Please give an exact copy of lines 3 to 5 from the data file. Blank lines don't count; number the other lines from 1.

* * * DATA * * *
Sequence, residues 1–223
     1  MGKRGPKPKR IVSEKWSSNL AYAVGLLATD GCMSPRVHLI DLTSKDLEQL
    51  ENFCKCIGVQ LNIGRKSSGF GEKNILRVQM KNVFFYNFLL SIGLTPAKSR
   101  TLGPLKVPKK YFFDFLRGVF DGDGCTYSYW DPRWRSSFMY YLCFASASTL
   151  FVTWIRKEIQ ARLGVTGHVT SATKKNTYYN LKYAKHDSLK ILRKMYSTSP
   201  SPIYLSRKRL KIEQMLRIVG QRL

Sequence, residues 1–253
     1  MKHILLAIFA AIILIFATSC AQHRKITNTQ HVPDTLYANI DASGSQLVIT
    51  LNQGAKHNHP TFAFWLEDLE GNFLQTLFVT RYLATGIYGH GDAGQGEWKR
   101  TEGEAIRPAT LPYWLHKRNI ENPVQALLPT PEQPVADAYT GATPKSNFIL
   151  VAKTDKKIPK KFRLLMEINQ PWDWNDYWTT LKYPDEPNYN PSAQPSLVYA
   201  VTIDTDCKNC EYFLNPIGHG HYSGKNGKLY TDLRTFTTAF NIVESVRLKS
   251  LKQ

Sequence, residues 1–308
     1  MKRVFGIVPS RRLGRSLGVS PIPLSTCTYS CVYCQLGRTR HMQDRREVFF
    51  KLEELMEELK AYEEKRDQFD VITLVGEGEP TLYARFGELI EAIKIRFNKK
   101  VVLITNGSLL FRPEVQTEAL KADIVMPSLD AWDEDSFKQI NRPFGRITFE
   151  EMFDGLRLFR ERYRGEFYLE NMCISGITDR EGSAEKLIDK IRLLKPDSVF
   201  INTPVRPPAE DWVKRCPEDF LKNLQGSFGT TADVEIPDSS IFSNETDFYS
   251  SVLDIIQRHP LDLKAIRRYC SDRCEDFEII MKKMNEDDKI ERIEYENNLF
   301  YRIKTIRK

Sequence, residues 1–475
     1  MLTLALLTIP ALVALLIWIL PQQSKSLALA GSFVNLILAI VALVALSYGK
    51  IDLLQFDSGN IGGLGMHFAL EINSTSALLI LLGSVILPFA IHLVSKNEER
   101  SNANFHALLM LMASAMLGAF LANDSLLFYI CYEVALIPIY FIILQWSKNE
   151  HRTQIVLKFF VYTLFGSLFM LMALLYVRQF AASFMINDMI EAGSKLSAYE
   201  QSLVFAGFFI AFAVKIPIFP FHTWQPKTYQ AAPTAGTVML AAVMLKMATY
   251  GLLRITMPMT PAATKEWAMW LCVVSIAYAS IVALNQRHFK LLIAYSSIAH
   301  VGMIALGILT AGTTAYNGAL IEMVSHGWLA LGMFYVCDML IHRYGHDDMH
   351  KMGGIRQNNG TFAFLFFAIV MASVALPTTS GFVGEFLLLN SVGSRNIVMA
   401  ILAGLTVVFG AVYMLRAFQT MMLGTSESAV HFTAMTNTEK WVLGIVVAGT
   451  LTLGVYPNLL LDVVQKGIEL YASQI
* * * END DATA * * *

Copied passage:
    51  ENFCKCIGVQ LNIGRKSSGF GEKNILRVQM KNVFFYNFLL SIGLTPAKSR
   101  TLGPLKVPKK YFFDFLRGVF DGDGCTYSYW DPRWRSSFMY YLCFASASTL
   151  FVTWIRKEIQ ARLGVTGHVT SATKKNTYYN LKYAKHDSLK ILRKMYSTSP